Different recruiting approach had to be used.  “J” and I crafted job postings which – by design – attracted candidates with skills, experience, and – most importantly – that relentless desire to learn.  Without this desire, skills and experience – no matter how deep – would not be of any help.

In summary, great talent does not always come from the same industry domain, just like great talent may not be next door.

For those who are interested in more information:

– The company:

– The market:  integrated digital evidence management software for law enforcement agencies (secure acquisition, management, and delivery of audio, video, images, and documents)

– Why: as of September 2009, 17 states and District of Columbia require electronic recordings of interrogations

– Market potential:  big – others certainly think so:  read about TASERentering the data business” with

You just arrived as a new CTO; step one – get on the road

December 8, 2009 2 comments

After a long and diligent recruiting cycle, you just arrived as a new CTO in an enterprise software company to lead both product management and software engineering activities.   What you will do in the first 2 weeks will be critical to your success.

Not all is well.  Revenues are flat.  Some large customers are at risk of not renewing their maintenance (or subscription) contracts.   The latest and long-awaited major release has been delayed.   The sales team also lost some sales superstars to competitors.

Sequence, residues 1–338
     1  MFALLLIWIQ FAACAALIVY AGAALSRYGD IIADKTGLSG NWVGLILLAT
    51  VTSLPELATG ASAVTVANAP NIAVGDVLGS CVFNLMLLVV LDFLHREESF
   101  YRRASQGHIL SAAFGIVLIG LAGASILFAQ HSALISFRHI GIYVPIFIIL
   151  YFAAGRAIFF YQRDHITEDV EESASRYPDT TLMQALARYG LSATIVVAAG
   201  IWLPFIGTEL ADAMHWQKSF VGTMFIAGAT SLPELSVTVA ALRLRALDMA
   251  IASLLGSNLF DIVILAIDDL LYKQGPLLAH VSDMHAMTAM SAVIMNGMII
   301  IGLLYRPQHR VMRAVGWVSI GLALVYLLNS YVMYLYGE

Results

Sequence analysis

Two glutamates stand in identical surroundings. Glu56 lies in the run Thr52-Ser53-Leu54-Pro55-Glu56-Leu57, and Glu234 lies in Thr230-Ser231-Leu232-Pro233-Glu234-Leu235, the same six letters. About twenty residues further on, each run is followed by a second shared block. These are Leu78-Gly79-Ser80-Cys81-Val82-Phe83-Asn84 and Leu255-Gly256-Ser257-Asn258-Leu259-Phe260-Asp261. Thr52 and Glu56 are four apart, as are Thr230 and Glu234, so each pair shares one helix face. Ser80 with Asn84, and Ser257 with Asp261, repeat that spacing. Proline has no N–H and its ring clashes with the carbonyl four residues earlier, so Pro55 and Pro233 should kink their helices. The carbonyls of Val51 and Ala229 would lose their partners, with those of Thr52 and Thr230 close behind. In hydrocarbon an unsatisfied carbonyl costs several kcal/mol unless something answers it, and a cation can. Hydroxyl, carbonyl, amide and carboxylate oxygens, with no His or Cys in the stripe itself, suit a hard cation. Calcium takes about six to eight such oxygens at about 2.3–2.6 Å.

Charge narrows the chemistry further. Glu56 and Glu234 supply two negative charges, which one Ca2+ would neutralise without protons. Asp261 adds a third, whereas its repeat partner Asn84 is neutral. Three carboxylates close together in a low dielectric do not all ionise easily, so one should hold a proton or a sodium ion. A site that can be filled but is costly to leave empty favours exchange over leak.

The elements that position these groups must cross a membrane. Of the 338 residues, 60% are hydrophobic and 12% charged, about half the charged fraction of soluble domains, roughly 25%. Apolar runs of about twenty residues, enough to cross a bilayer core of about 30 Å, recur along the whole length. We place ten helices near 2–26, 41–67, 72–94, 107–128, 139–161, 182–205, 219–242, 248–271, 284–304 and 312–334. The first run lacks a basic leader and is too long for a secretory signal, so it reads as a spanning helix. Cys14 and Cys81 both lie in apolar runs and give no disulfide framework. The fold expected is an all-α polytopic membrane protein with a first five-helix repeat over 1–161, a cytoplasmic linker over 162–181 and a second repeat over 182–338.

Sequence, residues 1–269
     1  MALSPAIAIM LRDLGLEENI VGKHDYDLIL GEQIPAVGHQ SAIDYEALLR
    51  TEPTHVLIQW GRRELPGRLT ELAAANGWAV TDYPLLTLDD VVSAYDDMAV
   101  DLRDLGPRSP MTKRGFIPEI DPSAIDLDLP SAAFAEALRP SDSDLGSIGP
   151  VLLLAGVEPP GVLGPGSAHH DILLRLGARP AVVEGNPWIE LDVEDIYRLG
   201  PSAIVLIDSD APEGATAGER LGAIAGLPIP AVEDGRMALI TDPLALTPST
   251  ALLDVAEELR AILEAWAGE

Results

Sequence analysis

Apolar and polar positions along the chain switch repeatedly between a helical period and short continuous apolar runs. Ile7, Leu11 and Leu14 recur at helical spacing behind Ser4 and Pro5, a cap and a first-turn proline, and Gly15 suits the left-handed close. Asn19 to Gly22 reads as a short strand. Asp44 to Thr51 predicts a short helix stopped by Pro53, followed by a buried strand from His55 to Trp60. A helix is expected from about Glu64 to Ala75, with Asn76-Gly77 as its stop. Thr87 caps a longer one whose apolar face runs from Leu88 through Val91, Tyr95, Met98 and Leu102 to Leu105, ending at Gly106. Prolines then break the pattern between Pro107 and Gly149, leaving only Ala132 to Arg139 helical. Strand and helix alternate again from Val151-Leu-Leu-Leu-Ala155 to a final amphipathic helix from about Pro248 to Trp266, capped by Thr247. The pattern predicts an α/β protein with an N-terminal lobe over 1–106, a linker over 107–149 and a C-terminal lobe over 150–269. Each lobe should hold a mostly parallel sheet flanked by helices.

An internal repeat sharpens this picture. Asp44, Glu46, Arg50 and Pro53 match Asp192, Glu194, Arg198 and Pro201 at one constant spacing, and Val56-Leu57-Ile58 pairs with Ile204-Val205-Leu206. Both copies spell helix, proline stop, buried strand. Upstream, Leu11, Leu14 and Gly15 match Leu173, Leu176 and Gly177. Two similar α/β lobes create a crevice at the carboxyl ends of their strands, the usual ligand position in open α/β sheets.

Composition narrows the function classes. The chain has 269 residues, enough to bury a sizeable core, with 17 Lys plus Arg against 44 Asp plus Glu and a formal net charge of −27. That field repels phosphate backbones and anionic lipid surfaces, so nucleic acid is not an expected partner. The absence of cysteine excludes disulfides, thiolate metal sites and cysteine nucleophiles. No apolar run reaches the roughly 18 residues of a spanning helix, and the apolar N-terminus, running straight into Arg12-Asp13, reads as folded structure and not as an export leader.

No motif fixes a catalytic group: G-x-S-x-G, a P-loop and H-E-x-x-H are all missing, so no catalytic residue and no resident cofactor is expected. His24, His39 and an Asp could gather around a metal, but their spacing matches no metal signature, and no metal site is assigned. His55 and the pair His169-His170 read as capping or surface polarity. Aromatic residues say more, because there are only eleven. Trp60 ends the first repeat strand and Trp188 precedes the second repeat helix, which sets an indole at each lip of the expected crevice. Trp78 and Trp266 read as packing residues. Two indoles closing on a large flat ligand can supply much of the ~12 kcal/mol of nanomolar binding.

Try to make the first day a Friday.   You will need the entire next and your first week for a very specific purpose.


– In the morning, meet with your direct reports, take them out to lunch, and apologize for not having any time for anyone during the first 2 weeks

– In the afternoon, meet with VP of Sales & Marketing and learn everything about revenues and customers

– Identify critical customers and ask VP of Sales & Marketing to make phone introductions.  Resist every attempt to have the sales person accompany you.  You want to send a polite message that your purpose is to listen, not sell.


– Get on the plane and travel to the first customer on your list

Monday – Friday, while meeting with selected customers:

– Learn everything about how the customers use the company’s products in their environment

– Get a list of critical bugs and defects

– Measure the flight risk – whether the customer may defect to a competitor

– Ask how the entire company – not just engineering team – serves the customer:   sales, professional services, customer support, training.  That’s the reason why you want to be alone while listening.    As a CTO you may build a great product but the professional services organization may not deploy the software correctly, creating an opportunity for competition.   Start collecting insights and real, unabridged feedback from the customer.

Monday (your second week):

– Meet with VP of Sales & Marketing to review the sales pipeline.   Get ahead of the business and critical ‘must close’ deals.


– Meet with the owner of customer support organization.  This organization should have the same sense of urgency that you gained when meeting with customers last week.


– Meet with the owner of professional services organization.   Again – the product deployment process should delight the customer.  Anything less?  Take notes.


– Meet with the CFO.   Learn the budget history and current budget metrics.